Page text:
It is the first time in the organization’s more than 70-year-history that it has stepped in to help the country’s most vulnerable, said Anna Kettley, director of programmes at unicef UK.
The agency has partnered with a group called Sustain and provided grants to 30 community projects and aims to reach between 10,000 and 15,000 young people until the programme ends in April 2021, it said in on Wednesday.
Just over $1 million will be made available in total.
This includes a $34,000 pledge to help deliver breakfast meals to 13,500 children at 25 schools in south London over the two-week Christmas break, and during the February half-term holiday.
“This funding will help build stronger communities as the impact of the pandemics worsen”, said Ms. Kettley, before calling for a longer-term solution “to tackle the root causes of food poverty, so no child is left to go hungry”.
UNICEF described the coronavirus pandemic as “the most urgent crisis affecting children since the Second World War”.
Even before the pandemic struck, it said that an estimated 2.4 million UK children were already food-insecure.
Rising hunger since March
The situation has worsened since March 2020 and families have struggled to make ends meet and access food, amid a global economic downturn and job losses.
The food support scheme – in conjunction with local partner School Food Matters – builds on a breakfast scheme which launched earlier this year.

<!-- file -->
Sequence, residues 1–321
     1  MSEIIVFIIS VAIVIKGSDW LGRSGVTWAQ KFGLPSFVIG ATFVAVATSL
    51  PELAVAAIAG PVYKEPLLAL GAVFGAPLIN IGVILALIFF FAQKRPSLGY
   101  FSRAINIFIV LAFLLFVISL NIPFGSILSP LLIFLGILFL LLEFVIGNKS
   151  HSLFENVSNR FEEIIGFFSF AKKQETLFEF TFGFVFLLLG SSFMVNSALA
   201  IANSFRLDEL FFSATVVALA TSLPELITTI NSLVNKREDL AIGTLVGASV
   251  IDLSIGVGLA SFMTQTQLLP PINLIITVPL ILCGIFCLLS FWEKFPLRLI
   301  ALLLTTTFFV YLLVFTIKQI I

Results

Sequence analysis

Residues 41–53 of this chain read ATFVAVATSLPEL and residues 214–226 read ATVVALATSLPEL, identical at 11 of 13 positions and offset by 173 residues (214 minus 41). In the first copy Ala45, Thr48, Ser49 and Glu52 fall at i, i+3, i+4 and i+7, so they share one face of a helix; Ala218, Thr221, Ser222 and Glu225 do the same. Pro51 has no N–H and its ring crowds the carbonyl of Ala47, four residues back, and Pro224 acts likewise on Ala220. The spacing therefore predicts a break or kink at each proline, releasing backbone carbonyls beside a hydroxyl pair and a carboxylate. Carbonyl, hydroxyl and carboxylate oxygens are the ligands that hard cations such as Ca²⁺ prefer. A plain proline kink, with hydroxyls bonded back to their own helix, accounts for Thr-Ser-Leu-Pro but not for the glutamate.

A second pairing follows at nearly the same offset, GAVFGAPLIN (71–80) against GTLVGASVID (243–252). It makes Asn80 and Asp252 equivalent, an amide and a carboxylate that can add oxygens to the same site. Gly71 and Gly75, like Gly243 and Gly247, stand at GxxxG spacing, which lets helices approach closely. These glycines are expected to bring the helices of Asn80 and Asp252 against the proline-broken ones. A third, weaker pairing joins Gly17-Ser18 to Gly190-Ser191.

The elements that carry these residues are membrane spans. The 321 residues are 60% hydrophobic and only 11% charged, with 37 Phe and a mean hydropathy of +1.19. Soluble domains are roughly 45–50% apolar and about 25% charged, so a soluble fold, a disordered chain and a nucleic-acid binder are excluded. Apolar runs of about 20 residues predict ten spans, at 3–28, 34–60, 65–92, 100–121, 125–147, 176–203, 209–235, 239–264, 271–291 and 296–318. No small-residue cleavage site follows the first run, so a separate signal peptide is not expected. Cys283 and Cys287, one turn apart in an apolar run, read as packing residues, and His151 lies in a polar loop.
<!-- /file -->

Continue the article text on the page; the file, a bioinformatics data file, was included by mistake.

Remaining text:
It ran for 18 weeks during lockdown and the summer holidays, providing vital support and nutrition to children in need, UNICEF said.
“Community initiatives will play an essential role and through ‘Food Power for Generation Covid’”, said Ms Kettley. “We hope to support families at the local level so that children can continue to eat well during this crisis period.”
Response to ‘political stunt’ accusation
In response to reported accusations from a senior member of the Government in the House of Commons on Thursday, Leader of the House Jacob Rees-Mogg, that UNICEF’s initiative was a “political stunt”, Ms. Kettley said that the organization was “responding to this unprecedented crisis and building on our 25 years’ experience of working on children’s rights in the UK with a one-off domestic response, launched in August, to provide support to vulnerable children and families around the country during this crisis period.
“In partnership with Sustain, the food and farming alliance, over £700,000 of Unicef UK funds is being granted to community groups around the country to support their vital work helping children and families at risk of food insecurity during the coronavirus pandemic.
“Unicef will continue to spend our international funding helping the world’s poorest children. We believe that every child is important and deserves to survive and thrive no matter where they are born.”